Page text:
Here is the bottom line question. Given that Jesus would not condone same sex activity, what would he do and say to people struggling with homosexual desires? How would he communicate God’s grace and truth without pushing them over the edge? Don’t tell me that my views are hateful bigotry unless you can answer that question, especially if you’re leading a session at ETS. I have seen the next fault line that will divide evangelicals, and it’s already here.
The Evangelical Theological Society’s annual meeting is different for everyone, as we attend different sessions and meet or miss (sorry, Jim!) different people. Here are a few highlights for me.
On Tuesday I attended Ligon Duncan’s session on “Recent Aspects of the Complementarian-Egalitarian Discussion.” Ligon noted that our present cultural moment has changed the dynamics of this conversation within the church. The culture says that gender no longer matters for marriage, egalitarians say the same thing about gender roles, while complementarians say both gender and roles matter. Complementarians face the challenge of looking like medieval bigots, as they are now two steps removed from the culture’s position. Egalitarians face the challenge of appearing unstable, as they oppose gender roles in marriage while still saying that gender matters.
Ligon noted that many are looking for a third way between the Bible and culture, but there are only two possible positions on each of the same sex marriage and the complementarian/egalitarian debates. He said it’s better to be honest with each other and live with the awkwardness than to be ambiguous about our positions and be perceived as disingenuous.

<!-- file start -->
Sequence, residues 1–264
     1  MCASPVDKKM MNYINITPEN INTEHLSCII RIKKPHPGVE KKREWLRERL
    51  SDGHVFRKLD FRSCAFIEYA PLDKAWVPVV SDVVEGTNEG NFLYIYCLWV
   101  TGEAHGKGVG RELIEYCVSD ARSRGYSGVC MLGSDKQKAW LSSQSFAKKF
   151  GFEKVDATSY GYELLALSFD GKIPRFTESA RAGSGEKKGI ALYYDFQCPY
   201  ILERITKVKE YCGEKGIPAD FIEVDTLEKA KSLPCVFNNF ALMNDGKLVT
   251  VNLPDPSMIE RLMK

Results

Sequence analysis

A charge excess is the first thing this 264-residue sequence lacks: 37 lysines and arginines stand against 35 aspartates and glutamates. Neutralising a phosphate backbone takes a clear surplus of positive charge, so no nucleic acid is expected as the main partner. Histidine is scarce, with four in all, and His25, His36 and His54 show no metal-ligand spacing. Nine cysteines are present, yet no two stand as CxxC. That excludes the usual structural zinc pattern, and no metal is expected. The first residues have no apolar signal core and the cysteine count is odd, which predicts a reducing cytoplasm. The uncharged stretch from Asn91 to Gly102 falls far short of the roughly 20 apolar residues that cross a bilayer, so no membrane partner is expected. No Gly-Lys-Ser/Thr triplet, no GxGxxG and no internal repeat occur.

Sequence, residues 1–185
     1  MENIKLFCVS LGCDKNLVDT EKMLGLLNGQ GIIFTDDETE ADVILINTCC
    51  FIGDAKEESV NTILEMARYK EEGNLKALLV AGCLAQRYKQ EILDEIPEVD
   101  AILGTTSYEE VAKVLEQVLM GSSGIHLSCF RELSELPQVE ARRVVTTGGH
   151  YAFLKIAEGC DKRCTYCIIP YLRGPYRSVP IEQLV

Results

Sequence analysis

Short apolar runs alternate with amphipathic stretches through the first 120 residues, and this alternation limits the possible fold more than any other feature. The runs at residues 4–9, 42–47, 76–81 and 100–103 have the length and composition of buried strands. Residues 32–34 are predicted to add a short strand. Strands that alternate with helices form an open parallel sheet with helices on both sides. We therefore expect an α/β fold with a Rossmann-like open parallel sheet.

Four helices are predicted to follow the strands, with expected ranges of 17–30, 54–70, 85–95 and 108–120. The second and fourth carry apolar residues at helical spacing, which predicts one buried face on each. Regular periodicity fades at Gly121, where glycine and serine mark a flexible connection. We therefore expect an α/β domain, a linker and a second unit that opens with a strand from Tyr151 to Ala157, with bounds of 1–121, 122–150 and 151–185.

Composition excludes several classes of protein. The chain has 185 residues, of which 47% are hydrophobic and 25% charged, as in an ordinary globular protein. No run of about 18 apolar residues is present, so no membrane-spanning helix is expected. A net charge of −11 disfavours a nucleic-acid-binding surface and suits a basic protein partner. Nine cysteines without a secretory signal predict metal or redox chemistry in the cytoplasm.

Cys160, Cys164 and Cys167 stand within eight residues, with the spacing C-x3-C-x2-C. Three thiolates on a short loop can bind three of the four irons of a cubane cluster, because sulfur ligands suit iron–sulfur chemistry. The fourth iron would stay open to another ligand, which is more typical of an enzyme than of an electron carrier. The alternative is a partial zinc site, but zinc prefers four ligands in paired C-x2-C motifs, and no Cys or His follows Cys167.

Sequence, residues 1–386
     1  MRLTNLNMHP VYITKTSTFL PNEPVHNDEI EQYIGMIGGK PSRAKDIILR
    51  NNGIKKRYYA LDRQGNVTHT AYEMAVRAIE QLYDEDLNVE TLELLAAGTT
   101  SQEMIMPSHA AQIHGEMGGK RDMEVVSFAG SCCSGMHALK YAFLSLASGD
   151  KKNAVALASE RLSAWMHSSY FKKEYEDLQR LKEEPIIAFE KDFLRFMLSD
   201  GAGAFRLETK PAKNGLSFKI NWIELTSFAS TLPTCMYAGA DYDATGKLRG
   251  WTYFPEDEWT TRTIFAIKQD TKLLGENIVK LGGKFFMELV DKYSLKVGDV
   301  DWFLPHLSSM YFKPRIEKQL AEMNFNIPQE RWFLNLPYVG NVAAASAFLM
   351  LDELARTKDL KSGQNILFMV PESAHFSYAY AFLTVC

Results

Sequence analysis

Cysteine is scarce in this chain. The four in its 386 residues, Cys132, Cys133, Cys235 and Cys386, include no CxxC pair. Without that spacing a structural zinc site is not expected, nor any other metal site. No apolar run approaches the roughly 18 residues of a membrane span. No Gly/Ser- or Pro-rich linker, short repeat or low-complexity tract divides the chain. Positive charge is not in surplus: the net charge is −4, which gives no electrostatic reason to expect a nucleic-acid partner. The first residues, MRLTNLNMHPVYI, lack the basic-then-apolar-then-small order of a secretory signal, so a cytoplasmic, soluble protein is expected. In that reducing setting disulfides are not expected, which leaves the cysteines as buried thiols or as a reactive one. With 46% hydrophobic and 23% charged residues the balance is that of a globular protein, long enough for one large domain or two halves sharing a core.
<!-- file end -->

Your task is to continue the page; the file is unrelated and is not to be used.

I then gave my talk, “Ordinary or Radical: Can You Serve Jesus and Still Enjoy Your Life?” I explained that though well-intentioned, the radical desire to not waste your life can lead to devastating effects on both ethics and doctrine. It can piously destroy the faith of Christians and also piously destroy the Christian faith. I discovered there is an echo effect to having a session on the first day. Throughout the rest of the conference I had the opportunity to meet people who were there and to talk further with them about what it means for their lives and ministries.
Read another opinion article on this topic: The Evangelical Theological Society after Obergefell by Denny Burke